[QODLink]
Asia-Pacific

Mob 'hacks women to death' in Myanmar

A witness and a rights group say more than dozen Rohingya Muslim women and children killed in western Rakhine state.

Last updated: 16 Jan 2014 19:48
Email Article
Print Article
Share article
Send Feedback

A villager and a rights group have claimed that a Buddhist mob have hacked more than a dozen Muslim women and children with knives in an isolated corner of Myanmar.

Chris Lewa of the Arakan Project, which has been documenting abuses against members of the Rohinyga Muslim minority for more than a decade, said on Thursday that the violence took place on Tuesday in Du Char Yar Tan, a village in western Rakhine state.

She said the death toll was not yet clear, but her sources indicated it could reach into the dozens.

That some of the victims appeared to have been stabbed with knives, not shot or beaten, "would clearly indicate the massacre was committed by (Buddhist) Rakhine villagers, rather than the police or army," the Arakan Project wrote in a briefing on Thursday.

A resident who spoke on condition of anonymity, because he feared reprisals, said 17 women and five children died.

Rakhine state spokesman Win Myaing said the situation was tense, but denied any deaths had occurred.

But Khin Maung Than, a Muslim who lives in a neighbouring village, said he visited Du Char Yar Tan and had seen no evidence of violence or deaths there.

Missing policeman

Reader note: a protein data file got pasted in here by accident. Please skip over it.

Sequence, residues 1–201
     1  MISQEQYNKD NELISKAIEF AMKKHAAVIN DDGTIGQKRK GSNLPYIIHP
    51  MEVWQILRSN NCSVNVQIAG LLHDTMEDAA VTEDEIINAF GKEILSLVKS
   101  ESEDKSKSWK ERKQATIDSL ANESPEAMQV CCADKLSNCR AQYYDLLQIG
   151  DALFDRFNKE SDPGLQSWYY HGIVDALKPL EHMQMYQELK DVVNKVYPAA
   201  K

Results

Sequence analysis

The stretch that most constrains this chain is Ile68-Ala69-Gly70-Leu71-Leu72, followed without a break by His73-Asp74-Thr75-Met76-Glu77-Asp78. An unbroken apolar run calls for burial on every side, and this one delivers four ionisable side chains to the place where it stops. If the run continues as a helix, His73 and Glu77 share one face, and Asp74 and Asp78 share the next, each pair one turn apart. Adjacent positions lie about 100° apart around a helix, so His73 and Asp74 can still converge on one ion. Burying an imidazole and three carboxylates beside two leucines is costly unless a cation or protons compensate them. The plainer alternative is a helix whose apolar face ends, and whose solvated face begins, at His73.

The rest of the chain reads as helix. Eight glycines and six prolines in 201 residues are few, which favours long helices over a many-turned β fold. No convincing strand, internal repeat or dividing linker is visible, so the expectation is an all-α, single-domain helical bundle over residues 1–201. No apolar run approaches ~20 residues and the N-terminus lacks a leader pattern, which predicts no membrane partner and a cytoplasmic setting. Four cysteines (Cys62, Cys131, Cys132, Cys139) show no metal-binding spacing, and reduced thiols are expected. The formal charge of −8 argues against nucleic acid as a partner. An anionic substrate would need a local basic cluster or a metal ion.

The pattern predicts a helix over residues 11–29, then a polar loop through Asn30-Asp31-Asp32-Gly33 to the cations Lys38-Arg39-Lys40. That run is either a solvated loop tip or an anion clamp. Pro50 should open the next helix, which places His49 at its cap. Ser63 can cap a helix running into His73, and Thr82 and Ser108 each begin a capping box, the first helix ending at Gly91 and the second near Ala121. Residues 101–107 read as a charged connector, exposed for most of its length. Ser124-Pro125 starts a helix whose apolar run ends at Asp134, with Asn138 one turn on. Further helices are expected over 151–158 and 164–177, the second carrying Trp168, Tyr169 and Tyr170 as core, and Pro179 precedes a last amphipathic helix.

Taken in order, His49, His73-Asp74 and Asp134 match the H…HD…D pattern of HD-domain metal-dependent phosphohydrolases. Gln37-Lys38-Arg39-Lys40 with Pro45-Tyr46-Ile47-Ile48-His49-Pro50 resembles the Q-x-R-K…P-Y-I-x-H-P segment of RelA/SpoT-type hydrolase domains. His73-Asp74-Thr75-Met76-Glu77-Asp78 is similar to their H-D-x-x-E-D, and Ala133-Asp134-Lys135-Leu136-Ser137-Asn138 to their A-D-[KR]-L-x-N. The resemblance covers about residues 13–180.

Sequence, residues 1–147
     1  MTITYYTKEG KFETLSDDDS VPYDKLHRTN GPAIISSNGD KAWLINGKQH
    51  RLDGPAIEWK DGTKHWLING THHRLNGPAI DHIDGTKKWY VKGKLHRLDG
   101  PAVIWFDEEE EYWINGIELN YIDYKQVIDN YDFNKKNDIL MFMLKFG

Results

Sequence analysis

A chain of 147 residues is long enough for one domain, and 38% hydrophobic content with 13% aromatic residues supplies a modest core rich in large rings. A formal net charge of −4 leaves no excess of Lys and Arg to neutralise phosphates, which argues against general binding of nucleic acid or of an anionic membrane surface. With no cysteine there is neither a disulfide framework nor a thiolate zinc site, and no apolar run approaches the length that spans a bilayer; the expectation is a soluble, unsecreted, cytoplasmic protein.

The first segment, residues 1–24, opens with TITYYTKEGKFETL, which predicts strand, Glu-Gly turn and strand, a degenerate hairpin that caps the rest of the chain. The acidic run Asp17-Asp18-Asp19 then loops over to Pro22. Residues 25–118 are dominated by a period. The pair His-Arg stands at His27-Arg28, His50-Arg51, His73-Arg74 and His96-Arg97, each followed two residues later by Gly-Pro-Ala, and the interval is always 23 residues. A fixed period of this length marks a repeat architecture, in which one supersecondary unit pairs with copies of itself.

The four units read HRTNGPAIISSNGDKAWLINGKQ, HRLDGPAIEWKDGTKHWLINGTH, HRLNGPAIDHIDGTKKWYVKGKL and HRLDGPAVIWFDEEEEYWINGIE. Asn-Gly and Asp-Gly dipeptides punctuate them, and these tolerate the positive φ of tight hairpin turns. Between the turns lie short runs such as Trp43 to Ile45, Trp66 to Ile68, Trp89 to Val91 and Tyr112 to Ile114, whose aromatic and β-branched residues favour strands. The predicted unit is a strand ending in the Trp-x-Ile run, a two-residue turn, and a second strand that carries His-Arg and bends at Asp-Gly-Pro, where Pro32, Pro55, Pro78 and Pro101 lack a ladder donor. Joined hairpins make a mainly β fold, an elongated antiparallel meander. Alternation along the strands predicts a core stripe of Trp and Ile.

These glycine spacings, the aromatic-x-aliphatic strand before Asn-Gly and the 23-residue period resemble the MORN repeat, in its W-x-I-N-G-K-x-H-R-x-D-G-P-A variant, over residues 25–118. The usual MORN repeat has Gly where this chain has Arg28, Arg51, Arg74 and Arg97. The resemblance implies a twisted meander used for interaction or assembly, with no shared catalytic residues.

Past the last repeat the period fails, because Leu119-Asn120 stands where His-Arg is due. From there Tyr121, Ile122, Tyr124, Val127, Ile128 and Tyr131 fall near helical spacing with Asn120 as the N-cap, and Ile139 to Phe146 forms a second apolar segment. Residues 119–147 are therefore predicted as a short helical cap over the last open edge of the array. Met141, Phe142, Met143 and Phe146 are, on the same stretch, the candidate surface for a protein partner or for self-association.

A resident who spoke on condition of anonymity because he feared reprisals said an initial flare-up followed the discovery of three bodies in a ditch near Du Char Yar Tan village by several firewood collectors.

Believing they were among a group of eight Rohingya who went missing after being detained by authorities days earlier, they alerted friends and neighbours who returned with their mobile phones to take pictures, said the man, who works as a volunteer English teacher.

That night, five police went to the village to confiscate the phones and check family lists, but the crowd turned on the officers, beating and chasing them off, he said. The police returned at 2am, saying one of their men had gone missing, he said. That triggered a security crackdown.

Soldiers and police surrounded the village, breaking down doors and looting livestock and other valuables, the English teacher said. Almost all the men fled, leaving the women, children and elderly behind, he said.

Myanmar, a predominantly Buddhist nation of 60 million people, has been grappling with sectarian violence for nearly two years. More than 240 people have been killed and another 140,000, mostly Muslims, forced to flee their homes.

394

Source:
AP
Email Article
Print Article
Share article
Send Feedback
Topics in this article
People
Country
Organisation
Featured on Al Jazeera
An innovative rehabilitation programme offers Danish fighters in Syria an escape route and help without prosecution.
Street tension between radical Muslims and Holland's hard right rises, as Islamic State anxiety grows.
Take an immersive look at the challenges facing the war-torn country as US troops begin their withdrawal.
Ministers and MPs caught on camera sleeping through important speeches have sparked criticism that they are not working.
Featured
Anti-government secrecy organisation struggling for relevance without Julian Assange at the helm.
After decades of overfishing, Japan is taking aim at increasing the number of bluefin tuna in the ocean.
Chinese scientists are designing a particle-smashing collider so massive it could encircle a city.
Critics say the government is going full-steam ahead on economic recovery at the expense of human rights.
Spirits are high in Scotland's 'Whisky Capital of the World' with one distillery thirsty for independence.
join our mailing list